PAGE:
Teachers fight burnout with new ways to adapt

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Teaching isn't the job it used to be. Funding cuts, bigger classes, and greater demands appear to be taking their toll. Too many teachers say they are burned out. That's what they told us in an exclusive Eyewitness News poll.

You can sense the frustration in one teacher's comments: "I have 260+ students. I can't provide enough individual attention for the students reading below grade level, which is most of them."

Today we look at one local school system getting credit for increasing student achievement, and keeping teachers excited about their jobs.

Tonta Shank started teaching 26 years ago and hasn't stopped loving it.

"You get the hug, you get the 'thank you Mrs Shank. I appreciate what you did for me.' It is the reward of the children."

Unfortunately an alarming number of teachers feel very differently. Almost one in four say they are burned out. One third of the 4,500 educators answering our exclusive Eyewitness News opinion poll said if they had it to do all over again, they wouldn't be teachers.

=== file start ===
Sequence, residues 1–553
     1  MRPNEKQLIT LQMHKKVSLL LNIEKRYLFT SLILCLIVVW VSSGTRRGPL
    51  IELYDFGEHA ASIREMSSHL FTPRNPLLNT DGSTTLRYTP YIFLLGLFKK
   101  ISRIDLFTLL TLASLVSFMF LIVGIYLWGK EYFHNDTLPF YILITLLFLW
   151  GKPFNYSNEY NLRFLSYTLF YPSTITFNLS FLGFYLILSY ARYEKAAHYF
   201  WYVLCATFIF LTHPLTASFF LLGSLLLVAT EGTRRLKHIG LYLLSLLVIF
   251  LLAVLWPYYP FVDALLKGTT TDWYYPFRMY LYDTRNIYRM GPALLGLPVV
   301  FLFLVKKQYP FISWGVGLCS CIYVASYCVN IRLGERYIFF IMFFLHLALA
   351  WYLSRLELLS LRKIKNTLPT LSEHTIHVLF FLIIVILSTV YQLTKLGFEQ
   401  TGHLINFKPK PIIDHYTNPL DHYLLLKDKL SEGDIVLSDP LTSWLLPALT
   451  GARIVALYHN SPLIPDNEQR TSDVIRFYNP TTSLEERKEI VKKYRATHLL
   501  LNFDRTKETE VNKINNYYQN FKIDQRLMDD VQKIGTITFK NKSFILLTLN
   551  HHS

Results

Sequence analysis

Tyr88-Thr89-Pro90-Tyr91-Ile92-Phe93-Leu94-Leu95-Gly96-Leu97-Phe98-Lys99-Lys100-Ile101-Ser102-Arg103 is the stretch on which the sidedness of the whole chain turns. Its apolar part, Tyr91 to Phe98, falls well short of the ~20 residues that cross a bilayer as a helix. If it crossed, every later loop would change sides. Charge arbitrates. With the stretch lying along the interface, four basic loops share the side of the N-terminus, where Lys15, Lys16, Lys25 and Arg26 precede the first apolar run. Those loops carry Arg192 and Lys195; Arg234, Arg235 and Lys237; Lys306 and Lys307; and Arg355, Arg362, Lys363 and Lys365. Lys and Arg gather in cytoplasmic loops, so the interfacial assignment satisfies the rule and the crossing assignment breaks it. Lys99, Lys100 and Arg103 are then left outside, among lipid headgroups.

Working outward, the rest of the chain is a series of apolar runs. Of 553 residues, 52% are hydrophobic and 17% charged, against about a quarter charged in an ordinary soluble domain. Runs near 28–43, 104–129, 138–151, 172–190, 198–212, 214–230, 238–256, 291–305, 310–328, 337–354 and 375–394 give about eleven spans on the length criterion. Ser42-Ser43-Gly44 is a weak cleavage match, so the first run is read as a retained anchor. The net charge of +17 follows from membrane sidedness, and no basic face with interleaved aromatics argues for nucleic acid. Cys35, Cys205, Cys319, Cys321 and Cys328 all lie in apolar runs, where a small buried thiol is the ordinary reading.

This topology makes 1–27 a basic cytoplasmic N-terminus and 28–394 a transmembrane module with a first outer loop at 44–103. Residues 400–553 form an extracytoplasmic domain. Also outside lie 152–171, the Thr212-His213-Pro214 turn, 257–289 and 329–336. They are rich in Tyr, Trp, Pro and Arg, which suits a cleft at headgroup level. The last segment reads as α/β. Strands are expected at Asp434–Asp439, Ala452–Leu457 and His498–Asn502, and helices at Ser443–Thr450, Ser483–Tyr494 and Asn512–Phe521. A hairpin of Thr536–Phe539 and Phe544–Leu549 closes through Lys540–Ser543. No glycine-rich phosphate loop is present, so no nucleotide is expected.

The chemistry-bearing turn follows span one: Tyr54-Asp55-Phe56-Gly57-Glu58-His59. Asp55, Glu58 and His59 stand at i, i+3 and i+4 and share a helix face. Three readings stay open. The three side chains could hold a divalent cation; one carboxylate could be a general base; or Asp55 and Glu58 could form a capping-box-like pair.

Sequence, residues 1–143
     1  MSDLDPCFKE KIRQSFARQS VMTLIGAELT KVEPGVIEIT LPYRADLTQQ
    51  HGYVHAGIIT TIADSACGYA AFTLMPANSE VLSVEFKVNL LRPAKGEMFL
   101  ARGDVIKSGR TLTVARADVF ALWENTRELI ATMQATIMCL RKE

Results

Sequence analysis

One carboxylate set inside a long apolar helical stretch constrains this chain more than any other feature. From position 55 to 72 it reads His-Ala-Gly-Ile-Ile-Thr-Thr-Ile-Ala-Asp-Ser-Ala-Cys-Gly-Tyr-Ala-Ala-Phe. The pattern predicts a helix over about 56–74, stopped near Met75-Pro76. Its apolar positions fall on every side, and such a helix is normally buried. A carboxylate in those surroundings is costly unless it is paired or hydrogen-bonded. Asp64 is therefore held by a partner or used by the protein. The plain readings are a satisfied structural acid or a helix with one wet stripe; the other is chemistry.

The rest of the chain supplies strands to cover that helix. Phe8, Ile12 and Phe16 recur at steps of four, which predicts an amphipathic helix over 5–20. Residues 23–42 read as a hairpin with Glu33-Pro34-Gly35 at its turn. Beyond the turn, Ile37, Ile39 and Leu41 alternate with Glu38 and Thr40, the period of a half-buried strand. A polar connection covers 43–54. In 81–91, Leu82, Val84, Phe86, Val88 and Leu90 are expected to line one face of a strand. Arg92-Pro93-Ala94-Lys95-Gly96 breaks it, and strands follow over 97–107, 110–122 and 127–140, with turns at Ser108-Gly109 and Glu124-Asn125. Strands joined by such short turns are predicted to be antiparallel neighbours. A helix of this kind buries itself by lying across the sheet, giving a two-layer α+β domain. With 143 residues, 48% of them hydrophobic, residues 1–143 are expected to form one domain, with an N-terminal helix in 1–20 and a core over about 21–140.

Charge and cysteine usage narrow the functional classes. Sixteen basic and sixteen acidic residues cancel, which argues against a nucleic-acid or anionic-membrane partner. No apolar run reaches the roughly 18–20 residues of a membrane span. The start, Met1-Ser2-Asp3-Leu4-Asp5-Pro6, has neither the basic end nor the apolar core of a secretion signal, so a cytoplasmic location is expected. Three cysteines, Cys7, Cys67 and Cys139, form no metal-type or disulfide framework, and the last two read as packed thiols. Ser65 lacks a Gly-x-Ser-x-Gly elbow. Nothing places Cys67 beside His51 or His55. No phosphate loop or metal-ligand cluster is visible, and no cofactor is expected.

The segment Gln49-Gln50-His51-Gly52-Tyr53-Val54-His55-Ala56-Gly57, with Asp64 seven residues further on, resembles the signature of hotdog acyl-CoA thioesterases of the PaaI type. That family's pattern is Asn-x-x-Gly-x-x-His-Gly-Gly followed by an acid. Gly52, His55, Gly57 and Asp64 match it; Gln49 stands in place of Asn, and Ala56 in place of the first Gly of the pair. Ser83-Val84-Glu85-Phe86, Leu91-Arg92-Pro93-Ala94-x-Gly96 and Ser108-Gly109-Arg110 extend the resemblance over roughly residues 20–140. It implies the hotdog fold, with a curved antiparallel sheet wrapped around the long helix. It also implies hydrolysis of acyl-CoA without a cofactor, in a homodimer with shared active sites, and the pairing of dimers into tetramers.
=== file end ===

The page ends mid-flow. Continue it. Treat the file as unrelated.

"I am not surprised," said teacher Heather Cooksey, "because things have changed," quickly and dramatically in just the seven years since Heather Cooksey started out.

For decades, a teacher's world was pretty predictable, but now it is changing. Budget problems, changes from the Statehouse and higher expectations have made their career an entirely different planet. Less job security, more accountability, greater expectations and fewer resources are taking their toll.

Yet at Liberty Park Elementary teachers insist they are adapting. "We work smarter, not harder," said Shank.

Several years ago, Warren Township started giving teachers more responsibility for improving their schools. They collaborate, decide which students need additional help, design specific lessons, and look for results. ISTEP+ scores are up, and teachers say so is their morale and job satisfaction.

Students, teachers and administrators are part of the picture. In our survey, a lot of teachers say where are the parents? One teacher says, "I have so many students who lack parent support and/or have behaviors that are out of control."

A concerning number of teachers can't get their students to do their homework.

Note: This is the second part in a five-part series that aired on Sunrise.

See the results of the poll.

Read part one here. 

See part 
two here.

Read part three on parental involvement.

Read part four on teachers paying for classroom supplies out of pocket.